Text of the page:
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Wait For Me

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When he finally hears the near-forgotten (never-forgotten) pounding rhythm of hoofbeats, Peter is calm.

It has been six years of travelling all over the globe, always one step behind the Riders he’s been pursuing since they coughed him back out in Beacon Hills, miraculously alive and miraculously free, Stiles’ magic still crackling over burnt-black flesh and darting off to cover the length and width of Beacon Hills the moment he fell to the forest floor, removing him and the town from the Wild Hunt’s greedy grasp once and for all.

McCall was useless, as always, and the rest of his ragtag pack were just as bad. They could barely remember Stiles anymore, they certainly didn’t want to, and the more Peter insisted, offering what little evidence he could gather of the existence of a boy who had proven invaluable to them time and time again, the harder they rejected the truth.

Remembering, or even just trying to remember, would’ve meant chasing after the Ghost Riders, borrowing trouble, putting their lives on the line, and all of them were too relieved when the Hunt moved on to attempt confronting them again when they didn’t have to.

Out of sight, out of mind. Such has always been Scott McCall’s unspoken creed. If it doesn’t affect him, then it isn’t something he has to deal with, and he’d already proven more than once that his supposed brother meant very little to him when it came down to it. With Stiles half-forgotten already, it was even easier for him and those who followed him to move on with their lives.

But Peter made a promise. As a werewolf, he could survive the Riders’ flames, and when Stiles told him he could protect him from being dragged right back into the train station once he got out, Peter had in return promised that he would help Scott and the others get Stiles out too.

(And in their last moments, he’d looked back over his shoulder at Stiles’ pale anxious face - as determined as it was frightened as the boy watched him go - right before Peter had plunged through the portal and burned again, and he knew that Stiles had believed he would come back for him.

Whether he still believes that… well.)

It’s been six years ( so long, too long, but if there’s still even a fraction of a chance- ), and now, sitting in the woods surrounding some small backwater town in the middle of Russia, finally, finally, one step ahead of the Riders, Peter does not flinch even when the first of the Hunt thunders into the clearing, black-hole eyes in a scarecrow face already turned towards him.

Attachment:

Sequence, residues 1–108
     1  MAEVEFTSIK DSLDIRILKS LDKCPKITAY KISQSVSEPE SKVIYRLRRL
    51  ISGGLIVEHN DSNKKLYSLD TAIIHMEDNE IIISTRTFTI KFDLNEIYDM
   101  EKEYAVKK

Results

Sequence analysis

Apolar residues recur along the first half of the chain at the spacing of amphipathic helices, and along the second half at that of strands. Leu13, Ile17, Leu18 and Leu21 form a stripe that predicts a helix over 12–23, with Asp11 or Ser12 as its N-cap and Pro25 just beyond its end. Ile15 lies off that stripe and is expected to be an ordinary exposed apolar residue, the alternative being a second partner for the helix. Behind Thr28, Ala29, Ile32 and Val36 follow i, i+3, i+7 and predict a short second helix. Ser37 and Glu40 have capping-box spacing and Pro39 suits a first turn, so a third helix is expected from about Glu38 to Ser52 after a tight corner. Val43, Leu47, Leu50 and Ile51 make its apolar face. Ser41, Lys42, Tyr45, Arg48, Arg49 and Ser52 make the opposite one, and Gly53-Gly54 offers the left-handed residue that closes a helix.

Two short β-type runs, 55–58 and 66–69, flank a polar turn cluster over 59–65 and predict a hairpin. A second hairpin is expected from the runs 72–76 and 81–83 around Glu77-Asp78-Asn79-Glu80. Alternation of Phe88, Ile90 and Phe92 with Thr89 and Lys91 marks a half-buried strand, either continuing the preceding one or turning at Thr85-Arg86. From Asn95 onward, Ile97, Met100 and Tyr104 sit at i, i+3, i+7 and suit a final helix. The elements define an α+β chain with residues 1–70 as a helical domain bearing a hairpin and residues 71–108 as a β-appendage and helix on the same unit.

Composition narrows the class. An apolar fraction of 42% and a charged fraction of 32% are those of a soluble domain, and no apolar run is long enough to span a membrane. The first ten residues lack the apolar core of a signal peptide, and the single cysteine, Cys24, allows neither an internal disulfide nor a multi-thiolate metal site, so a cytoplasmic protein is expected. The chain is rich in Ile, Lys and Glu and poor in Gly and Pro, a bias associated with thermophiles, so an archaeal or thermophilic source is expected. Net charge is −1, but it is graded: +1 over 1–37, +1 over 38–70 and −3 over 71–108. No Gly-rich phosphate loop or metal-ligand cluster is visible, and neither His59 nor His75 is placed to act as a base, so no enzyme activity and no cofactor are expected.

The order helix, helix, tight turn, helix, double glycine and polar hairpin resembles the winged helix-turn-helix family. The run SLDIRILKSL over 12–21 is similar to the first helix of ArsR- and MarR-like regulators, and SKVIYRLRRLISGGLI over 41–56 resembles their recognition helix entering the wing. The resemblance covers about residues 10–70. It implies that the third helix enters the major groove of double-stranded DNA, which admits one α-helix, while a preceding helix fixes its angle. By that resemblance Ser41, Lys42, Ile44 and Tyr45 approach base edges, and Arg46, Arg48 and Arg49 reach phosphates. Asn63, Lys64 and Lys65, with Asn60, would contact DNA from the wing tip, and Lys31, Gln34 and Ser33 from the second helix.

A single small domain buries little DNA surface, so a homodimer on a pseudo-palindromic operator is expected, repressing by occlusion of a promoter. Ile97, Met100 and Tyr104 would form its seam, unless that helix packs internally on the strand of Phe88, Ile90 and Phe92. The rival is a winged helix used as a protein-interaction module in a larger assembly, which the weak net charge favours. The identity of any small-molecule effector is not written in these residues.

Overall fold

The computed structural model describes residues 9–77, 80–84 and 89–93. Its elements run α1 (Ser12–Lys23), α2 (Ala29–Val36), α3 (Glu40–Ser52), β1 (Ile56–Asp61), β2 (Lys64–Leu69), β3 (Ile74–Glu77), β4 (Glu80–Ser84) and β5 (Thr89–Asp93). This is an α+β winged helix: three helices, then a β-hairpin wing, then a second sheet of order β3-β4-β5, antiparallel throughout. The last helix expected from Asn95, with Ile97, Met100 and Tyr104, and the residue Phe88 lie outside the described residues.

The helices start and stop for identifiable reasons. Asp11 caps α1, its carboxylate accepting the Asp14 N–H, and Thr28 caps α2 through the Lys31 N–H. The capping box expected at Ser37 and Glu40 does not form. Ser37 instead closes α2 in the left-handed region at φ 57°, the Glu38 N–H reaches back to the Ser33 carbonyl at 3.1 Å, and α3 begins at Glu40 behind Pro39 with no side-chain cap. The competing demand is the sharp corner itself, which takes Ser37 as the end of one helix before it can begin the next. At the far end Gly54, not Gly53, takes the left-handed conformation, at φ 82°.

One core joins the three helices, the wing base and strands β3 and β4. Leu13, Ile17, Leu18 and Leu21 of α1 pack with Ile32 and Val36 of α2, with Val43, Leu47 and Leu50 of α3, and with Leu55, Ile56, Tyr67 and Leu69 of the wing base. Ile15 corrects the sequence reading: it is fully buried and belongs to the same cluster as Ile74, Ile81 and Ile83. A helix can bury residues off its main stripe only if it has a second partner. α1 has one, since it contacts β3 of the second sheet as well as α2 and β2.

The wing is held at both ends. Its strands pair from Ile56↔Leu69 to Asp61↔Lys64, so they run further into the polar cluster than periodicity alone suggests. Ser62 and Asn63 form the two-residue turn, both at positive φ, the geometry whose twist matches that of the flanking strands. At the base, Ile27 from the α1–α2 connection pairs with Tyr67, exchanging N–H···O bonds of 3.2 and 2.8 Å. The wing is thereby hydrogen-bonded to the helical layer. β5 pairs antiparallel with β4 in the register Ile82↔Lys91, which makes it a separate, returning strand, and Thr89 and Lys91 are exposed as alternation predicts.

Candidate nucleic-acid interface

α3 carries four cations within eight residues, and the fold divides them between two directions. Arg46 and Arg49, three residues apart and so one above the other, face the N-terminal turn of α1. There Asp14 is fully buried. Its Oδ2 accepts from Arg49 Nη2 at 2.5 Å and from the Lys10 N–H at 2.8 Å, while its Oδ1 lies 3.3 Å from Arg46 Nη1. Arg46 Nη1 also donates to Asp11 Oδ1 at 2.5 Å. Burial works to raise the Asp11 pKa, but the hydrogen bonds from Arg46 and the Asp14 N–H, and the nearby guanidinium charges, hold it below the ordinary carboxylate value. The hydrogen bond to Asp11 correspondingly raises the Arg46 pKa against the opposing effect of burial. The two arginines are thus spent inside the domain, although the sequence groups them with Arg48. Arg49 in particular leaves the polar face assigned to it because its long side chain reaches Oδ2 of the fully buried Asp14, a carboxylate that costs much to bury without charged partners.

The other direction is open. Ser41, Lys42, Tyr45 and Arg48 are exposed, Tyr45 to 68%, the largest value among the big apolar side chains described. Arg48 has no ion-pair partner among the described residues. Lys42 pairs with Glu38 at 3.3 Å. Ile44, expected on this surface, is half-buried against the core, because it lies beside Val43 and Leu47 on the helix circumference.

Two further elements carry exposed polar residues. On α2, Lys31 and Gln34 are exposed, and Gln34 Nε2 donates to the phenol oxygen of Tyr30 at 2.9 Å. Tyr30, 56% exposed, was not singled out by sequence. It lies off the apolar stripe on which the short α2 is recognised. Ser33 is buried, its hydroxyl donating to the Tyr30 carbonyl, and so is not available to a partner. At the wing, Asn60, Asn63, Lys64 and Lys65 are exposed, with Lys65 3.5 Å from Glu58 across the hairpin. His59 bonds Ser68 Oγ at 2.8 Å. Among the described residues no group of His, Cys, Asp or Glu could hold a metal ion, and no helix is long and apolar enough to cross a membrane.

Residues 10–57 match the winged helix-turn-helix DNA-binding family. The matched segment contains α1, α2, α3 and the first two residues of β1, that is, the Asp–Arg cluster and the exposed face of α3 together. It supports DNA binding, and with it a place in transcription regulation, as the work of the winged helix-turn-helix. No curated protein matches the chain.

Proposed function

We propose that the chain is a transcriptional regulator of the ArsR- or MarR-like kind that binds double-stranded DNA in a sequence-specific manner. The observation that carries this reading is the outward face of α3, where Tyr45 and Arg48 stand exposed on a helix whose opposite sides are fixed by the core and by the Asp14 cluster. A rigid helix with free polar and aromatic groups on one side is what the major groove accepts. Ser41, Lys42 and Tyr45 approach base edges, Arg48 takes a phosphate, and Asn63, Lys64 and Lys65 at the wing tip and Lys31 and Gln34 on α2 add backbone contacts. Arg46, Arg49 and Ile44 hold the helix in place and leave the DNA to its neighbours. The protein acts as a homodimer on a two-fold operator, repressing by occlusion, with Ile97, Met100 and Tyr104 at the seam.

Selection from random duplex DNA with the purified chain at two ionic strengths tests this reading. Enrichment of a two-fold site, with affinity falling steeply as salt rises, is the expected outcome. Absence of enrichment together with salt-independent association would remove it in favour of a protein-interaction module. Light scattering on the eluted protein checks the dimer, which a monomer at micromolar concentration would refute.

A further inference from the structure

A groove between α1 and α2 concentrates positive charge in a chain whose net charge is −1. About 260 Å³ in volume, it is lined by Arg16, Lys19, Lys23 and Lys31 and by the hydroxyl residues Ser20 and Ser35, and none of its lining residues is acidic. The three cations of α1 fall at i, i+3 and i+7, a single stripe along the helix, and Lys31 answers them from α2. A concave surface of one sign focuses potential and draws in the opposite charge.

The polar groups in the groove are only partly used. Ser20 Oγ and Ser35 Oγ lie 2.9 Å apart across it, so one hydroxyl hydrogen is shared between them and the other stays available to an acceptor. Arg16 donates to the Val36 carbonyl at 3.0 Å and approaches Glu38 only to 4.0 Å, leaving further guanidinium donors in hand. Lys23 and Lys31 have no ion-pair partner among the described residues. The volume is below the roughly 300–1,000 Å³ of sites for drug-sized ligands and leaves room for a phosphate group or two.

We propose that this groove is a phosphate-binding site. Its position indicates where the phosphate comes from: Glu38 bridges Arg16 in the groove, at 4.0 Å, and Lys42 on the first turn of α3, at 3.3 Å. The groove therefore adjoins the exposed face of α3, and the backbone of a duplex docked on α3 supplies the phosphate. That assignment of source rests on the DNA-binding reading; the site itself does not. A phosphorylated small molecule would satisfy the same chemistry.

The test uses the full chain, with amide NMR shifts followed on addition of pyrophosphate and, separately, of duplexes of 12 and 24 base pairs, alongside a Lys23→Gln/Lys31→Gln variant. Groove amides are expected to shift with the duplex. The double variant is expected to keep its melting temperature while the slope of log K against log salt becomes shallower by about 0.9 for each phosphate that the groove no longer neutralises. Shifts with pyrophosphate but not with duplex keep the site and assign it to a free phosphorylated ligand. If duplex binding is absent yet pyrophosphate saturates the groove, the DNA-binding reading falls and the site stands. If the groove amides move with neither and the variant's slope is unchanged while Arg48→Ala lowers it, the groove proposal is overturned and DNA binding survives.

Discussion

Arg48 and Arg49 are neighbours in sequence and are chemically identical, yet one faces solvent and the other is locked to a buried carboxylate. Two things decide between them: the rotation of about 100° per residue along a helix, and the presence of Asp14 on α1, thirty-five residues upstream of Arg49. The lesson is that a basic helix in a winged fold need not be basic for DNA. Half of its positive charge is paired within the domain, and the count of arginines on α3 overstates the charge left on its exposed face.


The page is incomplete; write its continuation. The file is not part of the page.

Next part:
The world blazes with eerie green light, brightening until he has no choice but to shut his eyes. The horses’ hooves grow louder until they are all that Peter can hear.

And then-

The world forgets him, once more.



When Peter opens his eyes again, it is to a train station that looks identical to the one he left behind six years ago. He’s dumped on the platform amidst a cacophony of panicked screams as the Riders continue on through the tunnel, and as soon as they’re gone, silence falls like a stone, and their previous victims return to their seats, faces going slack as a little more of their souls are chipped away, bit by bit.

Peter rolls to his feet, absently dusting off his coat, eyes already scanning the crowd. He knows that - eventually - every single person here is destined to join the Hunt once they’ve been sucked dry of all soul energy, and it’s been six years.

But Stiles was a Spark, with a soul that survived a nogitsune. Stronger than the average human, and powerful enough to hide an entire town from the Riders, even if he couldn’t counter their searing ghost flames too.

Surely, surely, Stiles hasn’t become one of them yet.

(It’s the only thing that’s kept Peter going all these years. Stiles was waiting for him, so he couldn’t give up no matter how cold the trail became or how hopeless the situation in general seemed sometimes.)

He starts wandering up and down the rows of plastic chairs, peering into each vacant face, searching for brown eyes and mole-dotted skin and a dark red plaid shirt.

“Stiles?” He calls, hoping for a reply, a jerk of movement, even a punch in the face and a demand to know what’s taken him so long. “Stiles, are you here?”

He checks and re-checks and checks again, once, twice, three times, five.

Anxiety chokes his lungs and makes his fangs itch. Fear sits like ice in his chest.

Stiles isn’t here.

Peter staggers against a pillar, steps jarringly loud in the otherwise silent station, and for just a moment, when he blinks, a vividly horrific image of Stiles’ features melting away into the hollowed out husk of a Ghost Rider flashes across the back of his eyelids.

He shoves it aside, a snarl rumbling in his throat. No. He refuses to believe that. Until he gets irrefutable proof that Stiles is well and truly gone and beyond saving, he won’t give up. Moon help him, that makes him sound positively nauseating, but Stiles is waiting for him. Peter has to get this right.

He takes a deep breath, straightens, and looks around again.

Alright. He knew this might happen. It was a long shot anyway, for Stiles to be in the station Peter lands in.

His gaze drifts between the many doors in the station. He knows from experience that stepping through one will just take him right back here through another door, a never-ending labyrinth of a prison.


Peter glances down, turning his left palm up and watching the shimmer of gold light pulsing beneath his skin.

In all these years, this tiny bit of Stiles’ magic has never left him. It’s the only piece of reassurance he’s had that Stiles is still alive, still himself, because surely if the boy had already become a soulless fae, his magic would’ve died with him.